Aleksander Klaskovskii, a Belarusian political analyst said Lukashenko is not scared that access to sophisticated technology and the Internet will bring political ideas that could undermine his rule.
“The Belarusian authorities are not so primitive. They are not Internet-phobic. Lukashenko is a rational person,” he said.
“Revolutions do not occur due to the fact that someone writes something on the Internet.”
The industry has succeeded because it has been independent, he said, showing the government what could be done in other moribund sectors if it makes structural reforms to allow more freedom.
CHEAP AND EDUCATED
Initially, Belarusian software specialists won business from Western companies by offering cut-price programing services for businesses and websites. Now they are making headway developing name-brand products known around the world.
Set up ten years ago, the park was the brainchild of former Belarusian ambassador to Washington and Lukashenko supporter Valery Tsepkalo who met successful Belarusian engineers in the United States and wanted them to be able to work at home.
The park does not get money from the state but benefits from tax breaks and the ability to tap an educated workforce.
Belarus has a strong tradition of science and engineering education, as do many other former Soviet states – Tetris, the popular cube game was invented by a Soviet programmer working at Moscow’s Academy of Sciences in 1984. Belarus’s 54 universities produce 4,000 software engineers every year.
“The most important factor (for being in Belarus) are strong schools of training for professional engineers,” said Jaroslav Tomilchik, EPAM’s human resources director in Minsk.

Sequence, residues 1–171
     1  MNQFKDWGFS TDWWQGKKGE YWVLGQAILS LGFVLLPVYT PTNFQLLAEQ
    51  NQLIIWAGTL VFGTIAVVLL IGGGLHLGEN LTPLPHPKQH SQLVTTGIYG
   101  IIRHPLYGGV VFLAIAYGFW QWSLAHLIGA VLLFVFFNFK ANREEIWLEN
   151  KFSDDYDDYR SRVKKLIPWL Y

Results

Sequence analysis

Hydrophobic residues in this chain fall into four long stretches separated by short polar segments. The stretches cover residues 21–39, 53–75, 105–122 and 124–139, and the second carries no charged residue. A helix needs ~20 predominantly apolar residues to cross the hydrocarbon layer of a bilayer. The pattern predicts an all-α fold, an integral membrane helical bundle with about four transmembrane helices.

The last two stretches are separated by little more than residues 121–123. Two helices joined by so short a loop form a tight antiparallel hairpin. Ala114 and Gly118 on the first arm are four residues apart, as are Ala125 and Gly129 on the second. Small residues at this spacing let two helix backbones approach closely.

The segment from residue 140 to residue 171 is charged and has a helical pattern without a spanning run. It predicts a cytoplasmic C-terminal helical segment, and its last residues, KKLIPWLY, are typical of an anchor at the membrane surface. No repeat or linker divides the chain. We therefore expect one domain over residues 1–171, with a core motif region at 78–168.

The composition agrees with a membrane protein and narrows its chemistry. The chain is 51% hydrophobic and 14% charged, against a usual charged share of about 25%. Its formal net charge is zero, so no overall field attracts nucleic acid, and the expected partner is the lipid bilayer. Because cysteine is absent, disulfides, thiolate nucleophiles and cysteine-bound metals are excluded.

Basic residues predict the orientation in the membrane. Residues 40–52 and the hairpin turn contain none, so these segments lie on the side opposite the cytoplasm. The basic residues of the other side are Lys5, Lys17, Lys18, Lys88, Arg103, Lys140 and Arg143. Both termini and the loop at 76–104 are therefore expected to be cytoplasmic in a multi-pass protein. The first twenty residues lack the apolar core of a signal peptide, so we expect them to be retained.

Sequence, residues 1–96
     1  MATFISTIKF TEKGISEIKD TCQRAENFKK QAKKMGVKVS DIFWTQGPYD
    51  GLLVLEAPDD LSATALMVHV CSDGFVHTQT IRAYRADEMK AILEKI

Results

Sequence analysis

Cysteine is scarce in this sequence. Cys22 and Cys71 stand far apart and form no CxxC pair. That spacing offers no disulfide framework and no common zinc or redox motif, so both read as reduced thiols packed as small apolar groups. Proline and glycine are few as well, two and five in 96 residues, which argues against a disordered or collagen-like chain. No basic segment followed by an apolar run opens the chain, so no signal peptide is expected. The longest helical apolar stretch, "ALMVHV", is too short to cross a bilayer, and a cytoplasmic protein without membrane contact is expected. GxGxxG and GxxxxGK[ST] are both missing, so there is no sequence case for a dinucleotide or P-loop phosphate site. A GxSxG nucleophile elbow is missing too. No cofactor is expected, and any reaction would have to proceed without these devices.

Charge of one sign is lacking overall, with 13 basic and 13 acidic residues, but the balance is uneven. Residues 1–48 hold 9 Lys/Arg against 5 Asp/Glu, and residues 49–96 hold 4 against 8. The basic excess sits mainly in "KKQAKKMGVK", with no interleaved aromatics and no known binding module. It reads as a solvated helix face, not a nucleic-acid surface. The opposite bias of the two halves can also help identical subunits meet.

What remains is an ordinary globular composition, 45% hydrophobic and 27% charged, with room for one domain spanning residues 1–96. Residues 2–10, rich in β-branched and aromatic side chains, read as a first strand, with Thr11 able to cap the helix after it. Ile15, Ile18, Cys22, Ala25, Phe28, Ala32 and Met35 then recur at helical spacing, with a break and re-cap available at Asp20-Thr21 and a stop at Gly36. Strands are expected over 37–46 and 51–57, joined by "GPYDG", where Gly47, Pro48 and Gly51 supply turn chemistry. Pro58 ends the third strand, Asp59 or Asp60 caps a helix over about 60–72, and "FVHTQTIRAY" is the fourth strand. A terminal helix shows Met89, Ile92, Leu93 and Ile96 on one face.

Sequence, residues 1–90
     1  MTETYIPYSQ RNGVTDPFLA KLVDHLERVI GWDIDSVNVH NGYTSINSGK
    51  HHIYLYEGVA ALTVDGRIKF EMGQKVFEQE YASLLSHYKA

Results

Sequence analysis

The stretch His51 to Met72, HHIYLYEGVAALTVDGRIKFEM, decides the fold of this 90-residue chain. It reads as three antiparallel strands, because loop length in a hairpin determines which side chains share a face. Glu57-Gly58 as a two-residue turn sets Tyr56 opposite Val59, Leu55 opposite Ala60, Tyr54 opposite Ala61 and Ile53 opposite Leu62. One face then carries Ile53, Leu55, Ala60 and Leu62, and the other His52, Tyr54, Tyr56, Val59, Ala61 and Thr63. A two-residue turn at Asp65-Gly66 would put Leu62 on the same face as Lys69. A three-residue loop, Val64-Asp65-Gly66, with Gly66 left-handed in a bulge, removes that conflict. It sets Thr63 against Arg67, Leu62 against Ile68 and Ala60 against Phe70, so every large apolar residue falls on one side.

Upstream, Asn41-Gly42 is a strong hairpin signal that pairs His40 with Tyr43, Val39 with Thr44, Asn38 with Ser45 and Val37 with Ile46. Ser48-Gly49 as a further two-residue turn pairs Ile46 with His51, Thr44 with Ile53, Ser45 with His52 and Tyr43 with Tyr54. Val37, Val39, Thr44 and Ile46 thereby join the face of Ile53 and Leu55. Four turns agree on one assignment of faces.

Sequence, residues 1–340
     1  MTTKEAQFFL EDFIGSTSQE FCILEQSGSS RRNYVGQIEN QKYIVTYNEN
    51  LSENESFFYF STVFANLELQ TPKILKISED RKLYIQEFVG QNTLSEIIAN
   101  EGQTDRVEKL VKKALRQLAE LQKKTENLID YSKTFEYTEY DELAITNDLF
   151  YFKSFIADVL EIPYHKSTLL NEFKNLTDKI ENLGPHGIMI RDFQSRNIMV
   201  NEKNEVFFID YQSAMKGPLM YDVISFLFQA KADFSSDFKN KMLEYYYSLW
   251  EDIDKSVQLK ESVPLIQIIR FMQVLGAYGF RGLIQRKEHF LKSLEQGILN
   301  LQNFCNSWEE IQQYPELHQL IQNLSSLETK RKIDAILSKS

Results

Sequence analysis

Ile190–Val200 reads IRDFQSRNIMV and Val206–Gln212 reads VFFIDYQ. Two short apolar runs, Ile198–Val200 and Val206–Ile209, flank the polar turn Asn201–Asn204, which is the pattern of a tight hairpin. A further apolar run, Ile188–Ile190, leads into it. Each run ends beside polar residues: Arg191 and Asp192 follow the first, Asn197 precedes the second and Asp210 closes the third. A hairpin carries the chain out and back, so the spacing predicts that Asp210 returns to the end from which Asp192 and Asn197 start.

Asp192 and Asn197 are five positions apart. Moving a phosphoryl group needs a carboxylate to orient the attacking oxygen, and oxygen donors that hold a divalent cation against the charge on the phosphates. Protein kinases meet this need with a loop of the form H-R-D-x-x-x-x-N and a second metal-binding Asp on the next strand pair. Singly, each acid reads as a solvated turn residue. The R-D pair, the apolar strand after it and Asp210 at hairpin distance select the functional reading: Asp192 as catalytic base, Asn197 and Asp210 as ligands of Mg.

The low cost of living and the country’s position outside the European Union also helps keeps wage costs down compared to nearby EU members.
But success may bring pay rises, particularly as engineers move away from contracts and develop their own companies.
EPAM, one of the first residents of the park, has enjoyed years of consistent 20 percent plus growth and seen its stock jump fivefold since floating on the New York Stock Exchange in 2012. Nearly one-third of its global technical staff remain based in Belarus.
EPAM has benefited from technology outsourcing by European companies, outpacing Indian and U.S. rivals based on its proximity to Western Europe and its focus on new product development for customers including investment bank UBS, Liberty Media and cosmetics brand Sephora.
Now, a second generation of technologists is taking shape, many of whom started with EPAM, but now are looking to build their own products and apps for start-ups.
“Look at these people…They can’t remember the Soviet Union,” said Tsepkalo. “This is new technology, created from scratch.”
Some Belarusians like Elena Shkarubo, who studied in London and worked in Moscow, are coming home. She returned to start the online platform MeetnGreetMe in March which allows people traveling to another country to find a local host.
“I wanted to do business in Belarus…I’m not going to change my nationality,” she said.
Additional reporting by Eric Auchard in Frankfurt; Writing by Alexei Kalmykov and Matthias Williams; editing by Anna Willard